The best solution I’ve found, if you want to be ‘in the office’ and not force someone to leave a voicemail is to purchase a Skype online phone number.  For $60 / year and 2 cents / minute, I can be making and receiving phone calls to/from any US number from my own US Skype number.

Even for business lines, at Beer2Buds, we use RingCentral.  RingCentral allows you to get a toll free number and fax for $100/year.  You can forward your number, and/or any extension, to a cell phone or… a Google Voice or Skype number.

My last AT&T phone bill was nearly $200.  For around the same price, even though it’s less convenient (you need wifi, but that’s increasing every day – I even carry around a Clear modem when there’s no wireless but there is 3g/4g), you can still be ‘connected’.

Oh and I almost forgot to mention – SMS is such an integral part of our lives.  WithGoogle Voice, you can also send AND receive text messages!  And you don’t pay $19.99 / month like you will with AT&T.

This is a text message I got today that popped up on my phone from Google Voice.

The world is becoming more connected.  The cell phone giants will have to start playing fair or the growing VoIP services of the world will be the dominant players, which is already starting to happen. 

Digitize Everything! Simplify your Life by Going Digital

March 15, 2011 at 4:15 pm

This is a follow up post to my posts about 4boxes, Dropbox, and Google Apps.  

When making a change to simplify and become more mobile, it’s time to go through those old photos, cd’s, dvd’s, and other types of media, and to DIGITIZE!  

Cd’s become mp3’s.  DVD’s can be streamed by using a Netflix or iTunes account.  

Here’s a system.  Import cd’s into iTunes Library.  Back up that library using Dropbox. Same with DVD’s.  Then, you can donate them to Goodwill or you can get money for them using CD Exchange or other media exchange outlets.  

Using a service like ScanCafe, you can have your photos scanned into a complete digital format.  Use services such as Picassa (a google app) or Flickr, or even Facebook to show photos online.  My suggestion would be however to always have a backup on a file storage service like Dropbox then select and showcase your photos online.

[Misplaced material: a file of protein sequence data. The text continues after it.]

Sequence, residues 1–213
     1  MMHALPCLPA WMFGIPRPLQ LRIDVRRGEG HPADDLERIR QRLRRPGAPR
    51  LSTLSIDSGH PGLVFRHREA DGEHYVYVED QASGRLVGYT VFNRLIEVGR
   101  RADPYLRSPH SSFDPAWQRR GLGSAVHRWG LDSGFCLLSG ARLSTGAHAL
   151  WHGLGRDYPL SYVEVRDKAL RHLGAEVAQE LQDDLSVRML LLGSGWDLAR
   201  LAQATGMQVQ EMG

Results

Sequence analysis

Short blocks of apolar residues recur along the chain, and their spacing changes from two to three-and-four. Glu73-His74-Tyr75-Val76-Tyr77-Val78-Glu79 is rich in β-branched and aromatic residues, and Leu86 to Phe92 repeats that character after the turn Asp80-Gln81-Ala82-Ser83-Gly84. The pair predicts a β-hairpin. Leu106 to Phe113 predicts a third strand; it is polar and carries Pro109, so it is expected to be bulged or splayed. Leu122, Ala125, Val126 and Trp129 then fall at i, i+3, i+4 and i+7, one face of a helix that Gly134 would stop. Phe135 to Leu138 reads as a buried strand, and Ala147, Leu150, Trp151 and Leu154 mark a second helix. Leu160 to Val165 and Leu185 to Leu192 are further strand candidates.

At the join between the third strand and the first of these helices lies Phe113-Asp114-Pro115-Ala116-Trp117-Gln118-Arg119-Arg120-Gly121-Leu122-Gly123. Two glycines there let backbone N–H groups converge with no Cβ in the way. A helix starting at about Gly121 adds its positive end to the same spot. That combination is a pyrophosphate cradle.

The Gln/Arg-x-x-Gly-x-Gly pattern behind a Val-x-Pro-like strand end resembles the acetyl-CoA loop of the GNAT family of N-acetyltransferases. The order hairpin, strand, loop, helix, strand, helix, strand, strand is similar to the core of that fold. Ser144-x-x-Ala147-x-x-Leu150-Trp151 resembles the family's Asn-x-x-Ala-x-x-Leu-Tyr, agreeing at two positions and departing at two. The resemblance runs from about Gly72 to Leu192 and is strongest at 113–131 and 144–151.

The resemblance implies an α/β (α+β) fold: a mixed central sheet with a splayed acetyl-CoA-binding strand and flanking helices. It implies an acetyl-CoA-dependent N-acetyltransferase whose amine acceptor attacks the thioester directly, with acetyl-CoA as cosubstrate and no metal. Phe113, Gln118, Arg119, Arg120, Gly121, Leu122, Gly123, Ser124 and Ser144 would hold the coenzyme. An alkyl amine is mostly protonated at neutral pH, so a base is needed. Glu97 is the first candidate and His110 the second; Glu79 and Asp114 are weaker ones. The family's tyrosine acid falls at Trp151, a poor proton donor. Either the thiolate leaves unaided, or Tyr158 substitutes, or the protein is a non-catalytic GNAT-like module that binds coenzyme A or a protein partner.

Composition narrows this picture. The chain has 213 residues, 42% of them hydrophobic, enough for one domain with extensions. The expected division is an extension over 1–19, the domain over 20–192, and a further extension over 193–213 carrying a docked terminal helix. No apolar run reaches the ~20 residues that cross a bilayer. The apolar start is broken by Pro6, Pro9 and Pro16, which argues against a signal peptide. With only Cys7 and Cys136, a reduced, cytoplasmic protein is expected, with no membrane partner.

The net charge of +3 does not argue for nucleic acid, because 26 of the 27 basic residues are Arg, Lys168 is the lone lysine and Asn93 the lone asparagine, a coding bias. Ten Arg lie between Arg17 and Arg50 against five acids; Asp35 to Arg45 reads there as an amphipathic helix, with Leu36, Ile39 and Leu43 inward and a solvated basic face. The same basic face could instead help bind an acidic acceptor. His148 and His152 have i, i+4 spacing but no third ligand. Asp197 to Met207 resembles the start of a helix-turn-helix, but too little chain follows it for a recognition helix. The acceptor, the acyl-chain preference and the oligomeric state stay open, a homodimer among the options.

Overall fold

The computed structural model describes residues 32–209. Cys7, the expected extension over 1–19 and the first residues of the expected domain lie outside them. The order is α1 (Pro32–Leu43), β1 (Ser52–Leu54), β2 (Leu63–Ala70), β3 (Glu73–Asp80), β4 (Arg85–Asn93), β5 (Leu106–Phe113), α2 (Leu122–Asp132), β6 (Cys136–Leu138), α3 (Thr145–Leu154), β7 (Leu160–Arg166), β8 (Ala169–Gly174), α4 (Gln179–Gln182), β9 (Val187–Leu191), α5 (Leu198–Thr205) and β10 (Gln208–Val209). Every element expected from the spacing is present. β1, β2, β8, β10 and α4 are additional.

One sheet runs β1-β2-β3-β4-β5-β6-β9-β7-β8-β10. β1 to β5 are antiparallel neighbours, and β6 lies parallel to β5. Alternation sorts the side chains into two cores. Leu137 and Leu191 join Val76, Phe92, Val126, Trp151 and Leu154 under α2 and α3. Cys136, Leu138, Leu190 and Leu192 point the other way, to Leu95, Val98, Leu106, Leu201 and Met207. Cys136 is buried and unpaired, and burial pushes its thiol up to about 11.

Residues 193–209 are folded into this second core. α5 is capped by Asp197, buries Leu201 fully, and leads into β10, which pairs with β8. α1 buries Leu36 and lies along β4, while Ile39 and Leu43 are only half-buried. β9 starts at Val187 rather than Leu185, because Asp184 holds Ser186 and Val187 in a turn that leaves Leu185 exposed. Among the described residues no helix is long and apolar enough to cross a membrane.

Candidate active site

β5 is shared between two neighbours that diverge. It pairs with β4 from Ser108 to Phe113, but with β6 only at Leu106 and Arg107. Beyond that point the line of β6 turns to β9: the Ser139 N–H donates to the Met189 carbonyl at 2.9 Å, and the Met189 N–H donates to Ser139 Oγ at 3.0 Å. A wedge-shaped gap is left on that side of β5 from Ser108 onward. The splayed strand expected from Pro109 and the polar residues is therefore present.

It feels great to simplify and digitize and of course another benefit is that everything stays with you, no matter where you are in the world.  

Google Apps and Why They Rock

March 15, 2011 at 4:06 pm

Because everything I do has completely morphed to online.  I haven’t lost a file, thanks to Dropbox, and with Google Apps have been able to:

  • Create and Share Company Documents
  • Maintain and Share Spreadsheets
  • Create a mini-CRM system
  • Connect a Domain Name from GoDaddy and create company email account
  • Use Google Sites to create company wiki pages to manage daily operations manuals, sales sheets and employees, human resource and legal documents, and the list goes on and on

Google Apps makes it possible for you to truly run your business from anywhere.  I use Microsoft Word and PowerPoint to create documents sometimes, but as often as I can and especially for collaboration, I’ll use Google Apps.  I post my MS docs, Excel spreadsheets, and PowerPoints into my Google Site wikis.

When traveling, from any computer, you can be instantly working and collaborating online.  I’ve tested this in Argentina, Hungary, Costa Rica, and all over the US.  By slowly switching everything over to Google Apps and Dropbox, your files will be completely mobile!

Files on the Go – Mobile File Management for the Busy Traveler

March 15, 2011 at 3:57 pm

About two years ago I was introduced to two file sharing services have that saved my life.  

Box.net and Dropbox.com (formerly getdropbox).  Countless number of files lost after computers hard drives simply crashed, or having laptops stolen, or even external hard drives going bad – or quickly going out of date!  —— then I found Dropbox. 

Dropbox is a service that allows you to store your files online.  I pay for their 50gig service which runs me $100 / year – better than having to replace laptops and external storage drives, and I never have to worry about anything going out of date.  Best of all, with Dropbox, you synchronize your folders online with your local folders, so it’s a seamless experience.  You use your folders like you normally would, then when you connect to the Internet, everything syncs back up to the server and stored automagically.  If your laptop is stolen, as mine was, you can un-sync that computer on dropbox.com.